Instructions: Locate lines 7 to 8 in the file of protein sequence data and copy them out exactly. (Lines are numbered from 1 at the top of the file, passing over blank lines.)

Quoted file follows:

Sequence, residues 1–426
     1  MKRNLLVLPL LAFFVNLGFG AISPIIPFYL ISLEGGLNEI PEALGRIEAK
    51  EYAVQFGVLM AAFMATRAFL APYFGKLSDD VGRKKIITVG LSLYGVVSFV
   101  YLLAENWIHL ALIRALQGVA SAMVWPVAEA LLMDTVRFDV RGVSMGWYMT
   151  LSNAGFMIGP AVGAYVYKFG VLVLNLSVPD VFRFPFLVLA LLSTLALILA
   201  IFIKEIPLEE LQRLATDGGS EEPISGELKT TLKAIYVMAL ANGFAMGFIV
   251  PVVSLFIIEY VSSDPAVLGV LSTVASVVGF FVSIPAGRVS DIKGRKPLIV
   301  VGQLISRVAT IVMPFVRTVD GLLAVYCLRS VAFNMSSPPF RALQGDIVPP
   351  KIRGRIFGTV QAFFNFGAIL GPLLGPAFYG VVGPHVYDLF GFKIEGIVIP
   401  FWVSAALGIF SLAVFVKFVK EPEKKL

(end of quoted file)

   251  PVVSLFIIEY VSSDPAVLGV LSTVASVVGF FVSIPAGRVS DIKGRKPLIV
   301  VGQLISRVAT IVMPFVRTVD GLLAVYCLRS VAFNMSSPPF RALQGDIVPP